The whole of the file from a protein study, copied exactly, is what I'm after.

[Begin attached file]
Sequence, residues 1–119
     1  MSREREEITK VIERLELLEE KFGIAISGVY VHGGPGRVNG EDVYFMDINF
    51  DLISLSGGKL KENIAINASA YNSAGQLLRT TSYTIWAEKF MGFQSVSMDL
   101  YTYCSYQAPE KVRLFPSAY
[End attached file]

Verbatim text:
Sequence, residues 1–119
     1  MSREREEITK VIERLELLEE KFGIAISGVY VHGGPGRVNG EDVYFMDINF
    51  DLISLSGGKL KENIAINASA YNSAGQLLRT TSYTIWAEKF MGFQSVSMDL
   101  YTYCSYQAPE KVRLFPSAY